Singh points to workflow, people, and organizational policies and procedures as reasons for hospital and health system administration to pay attention to their systems that leave their physicians vulnerable to information overload, and their patients vulnerable to that missed information.
"Organizations can determine your workflow very strongly. So in the parent survey, we realized that only about 30% of providers were getting some type of workflow support in terms of tying in workflow processes, so if you don't have the time needed to process these alerts, then that's a problem. Because you have lots of information coming from so many different members of the system, and they are all important."
"One thing that stood out were electronic hand-offs, which occurred with doctors going on vacation for a few weeks and trying to transfer the alerts to their covering doctors, but not knowing how. So what we realized were these handoffs of care, the covering practitioners could not ever be receiving the messages or alerts either," says Singh.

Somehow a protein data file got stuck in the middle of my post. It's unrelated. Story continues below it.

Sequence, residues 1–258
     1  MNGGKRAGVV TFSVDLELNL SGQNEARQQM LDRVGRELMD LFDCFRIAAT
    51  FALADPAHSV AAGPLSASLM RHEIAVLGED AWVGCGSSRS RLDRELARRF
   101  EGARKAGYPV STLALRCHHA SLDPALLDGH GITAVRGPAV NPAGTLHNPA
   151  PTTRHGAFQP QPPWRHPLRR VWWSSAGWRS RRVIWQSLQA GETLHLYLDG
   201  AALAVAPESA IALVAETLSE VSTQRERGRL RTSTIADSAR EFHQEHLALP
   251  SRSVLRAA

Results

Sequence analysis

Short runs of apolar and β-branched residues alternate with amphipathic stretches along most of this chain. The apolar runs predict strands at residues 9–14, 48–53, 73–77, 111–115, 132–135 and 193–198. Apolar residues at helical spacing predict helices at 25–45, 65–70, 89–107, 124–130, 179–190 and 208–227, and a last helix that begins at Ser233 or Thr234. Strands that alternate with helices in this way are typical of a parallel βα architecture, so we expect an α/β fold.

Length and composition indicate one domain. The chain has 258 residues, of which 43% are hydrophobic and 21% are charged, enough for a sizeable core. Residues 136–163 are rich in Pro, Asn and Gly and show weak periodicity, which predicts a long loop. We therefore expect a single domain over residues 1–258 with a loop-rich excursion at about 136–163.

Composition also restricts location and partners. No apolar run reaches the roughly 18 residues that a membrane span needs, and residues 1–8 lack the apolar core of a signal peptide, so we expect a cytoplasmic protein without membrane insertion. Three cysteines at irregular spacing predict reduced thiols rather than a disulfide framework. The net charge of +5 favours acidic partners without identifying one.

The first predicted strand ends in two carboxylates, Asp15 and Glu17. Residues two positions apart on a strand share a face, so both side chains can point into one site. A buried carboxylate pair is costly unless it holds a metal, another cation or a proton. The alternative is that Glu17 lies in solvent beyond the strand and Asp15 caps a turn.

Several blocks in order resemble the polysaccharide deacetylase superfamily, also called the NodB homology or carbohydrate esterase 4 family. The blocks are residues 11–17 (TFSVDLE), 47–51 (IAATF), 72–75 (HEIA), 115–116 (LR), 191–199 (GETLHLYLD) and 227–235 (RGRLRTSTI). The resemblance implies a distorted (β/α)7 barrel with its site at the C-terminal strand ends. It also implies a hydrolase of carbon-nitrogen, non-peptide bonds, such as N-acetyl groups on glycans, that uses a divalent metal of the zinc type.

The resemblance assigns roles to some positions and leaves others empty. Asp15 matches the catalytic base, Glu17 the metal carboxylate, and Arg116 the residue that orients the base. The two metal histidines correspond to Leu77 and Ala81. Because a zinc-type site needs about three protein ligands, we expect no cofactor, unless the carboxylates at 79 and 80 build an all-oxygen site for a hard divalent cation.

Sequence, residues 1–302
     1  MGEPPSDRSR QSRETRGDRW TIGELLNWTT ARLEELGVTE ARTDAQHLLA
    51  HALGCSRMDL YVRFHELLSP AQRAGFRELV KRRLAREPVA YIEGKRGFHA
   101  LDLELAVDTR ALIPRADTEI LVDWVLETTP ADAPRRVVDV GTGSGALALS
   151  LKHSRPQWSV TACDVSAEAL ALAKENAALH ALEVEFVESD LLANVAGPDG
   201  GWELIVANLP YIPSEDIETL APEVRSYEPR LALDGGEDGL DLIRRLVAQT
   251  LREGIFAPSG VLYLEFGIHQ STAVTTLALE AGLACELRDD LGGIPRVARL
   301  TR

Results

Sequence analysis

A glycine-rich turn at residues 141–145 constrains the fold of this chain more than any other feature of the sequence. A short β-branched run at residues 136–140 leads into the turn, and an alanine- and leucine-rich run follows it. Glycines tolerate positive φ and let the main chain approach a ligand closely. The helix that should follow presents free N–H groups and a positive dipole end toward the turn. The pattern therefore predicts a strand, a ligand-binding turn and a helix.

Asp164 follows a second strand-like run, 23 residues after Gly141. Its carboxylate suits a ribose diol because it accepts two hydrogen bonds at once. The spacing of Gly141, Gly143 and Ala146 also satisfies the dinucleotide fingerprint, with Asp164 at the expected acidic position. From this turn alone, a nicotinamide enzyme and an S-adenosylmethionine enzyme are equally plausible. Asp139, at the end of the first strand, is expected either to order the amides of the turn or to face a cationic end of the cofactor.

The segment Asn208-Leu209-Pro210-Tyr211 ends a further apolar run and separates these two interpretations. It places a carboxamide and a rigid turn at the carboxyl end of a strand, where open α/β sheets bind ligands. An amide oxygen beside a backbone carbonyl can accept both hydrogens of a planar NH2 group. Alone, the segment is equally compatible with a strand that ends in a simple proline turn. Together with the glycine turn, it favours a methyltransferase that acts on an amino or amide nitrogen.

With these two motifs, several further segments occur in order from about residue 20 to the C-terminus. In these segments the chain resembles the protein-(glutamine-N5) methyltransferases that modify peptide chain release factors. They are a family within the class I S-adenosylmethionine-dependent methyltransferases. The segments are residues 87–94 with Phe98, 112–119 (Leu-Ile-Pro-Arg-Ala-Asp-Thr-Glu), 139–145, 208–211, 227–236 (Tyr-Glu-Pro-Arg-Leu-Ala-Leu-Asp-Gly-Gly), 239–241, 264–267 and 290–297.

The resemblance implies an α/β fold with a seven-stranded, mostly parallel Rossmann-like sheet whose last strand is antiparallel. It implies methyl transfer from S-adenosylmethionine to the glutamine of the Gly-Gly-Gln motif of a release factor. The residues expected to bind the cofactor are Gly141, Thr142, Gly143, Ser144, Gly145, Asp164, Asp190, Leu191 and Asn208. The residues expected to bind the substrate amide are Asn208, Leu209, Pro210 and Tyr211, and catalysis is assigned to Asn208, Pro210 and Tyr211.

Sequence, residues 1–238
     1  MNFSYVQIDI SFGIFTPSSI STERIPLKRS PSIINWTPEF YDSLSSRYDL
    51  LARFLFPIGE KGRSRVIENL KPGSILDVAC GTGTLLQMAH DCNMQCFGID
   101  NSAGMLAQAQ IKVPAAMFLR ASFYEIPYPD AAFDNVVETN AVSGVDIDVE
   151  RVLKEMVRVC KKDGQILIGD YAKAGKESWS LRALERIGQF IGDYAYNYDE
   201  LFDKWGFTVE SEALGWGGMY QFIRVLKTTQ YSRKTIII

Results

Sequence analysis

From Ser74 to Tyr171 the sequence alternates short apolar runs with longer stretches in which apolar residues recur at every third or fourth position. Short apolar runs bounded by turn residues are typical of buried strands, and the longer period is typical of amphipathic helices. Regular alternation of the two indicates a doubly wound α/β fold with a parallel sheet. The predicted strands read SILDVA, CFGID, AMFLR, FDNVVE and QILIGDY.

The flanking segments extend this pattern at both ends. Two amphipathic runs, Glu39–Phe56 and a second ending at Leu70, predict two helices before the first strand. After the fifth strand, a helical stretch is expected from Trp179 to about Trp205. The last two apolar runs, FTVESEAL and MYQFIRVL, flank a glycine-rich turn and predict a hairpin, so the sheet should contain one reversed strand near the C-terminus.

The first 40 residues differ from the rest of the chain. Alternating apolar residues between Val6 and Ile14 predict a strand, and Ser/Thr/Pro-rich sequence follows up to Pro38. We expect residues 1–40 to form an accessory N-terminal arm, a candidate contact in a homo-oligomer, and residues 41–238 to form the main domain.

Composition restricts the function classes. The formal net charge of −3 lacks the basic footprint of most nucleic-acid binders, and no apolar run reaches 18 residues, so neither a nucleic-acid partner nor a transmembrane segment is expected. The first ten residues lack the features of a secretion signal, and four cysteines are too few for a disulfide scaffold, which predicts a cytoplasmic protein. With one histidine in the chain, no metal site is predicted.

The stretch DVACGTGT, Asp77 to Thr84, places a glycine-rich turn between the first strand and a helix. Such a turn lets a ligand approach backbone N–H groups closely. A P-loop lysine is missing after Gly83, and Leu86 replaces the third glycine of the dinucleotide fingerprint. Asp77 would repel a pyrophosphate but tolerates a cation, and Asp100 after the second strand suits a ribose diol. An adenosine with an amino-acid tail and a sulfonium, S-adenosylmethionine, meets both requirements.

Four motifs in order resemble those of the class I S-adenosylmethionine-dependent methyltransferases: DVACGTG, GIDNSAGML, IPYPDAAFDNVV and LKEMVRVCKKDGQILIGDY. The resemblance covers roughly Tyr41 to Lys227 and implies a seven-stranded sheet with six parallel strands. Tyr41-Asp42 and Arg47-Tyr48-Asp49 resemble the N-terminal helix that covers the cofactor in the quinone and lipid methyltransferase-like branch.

"For hospital executives and health leaders, it's really important for them to know that it's time to develop a measurement system for these types of things, to understand how much these lost bits of information are affecting things," Singh said.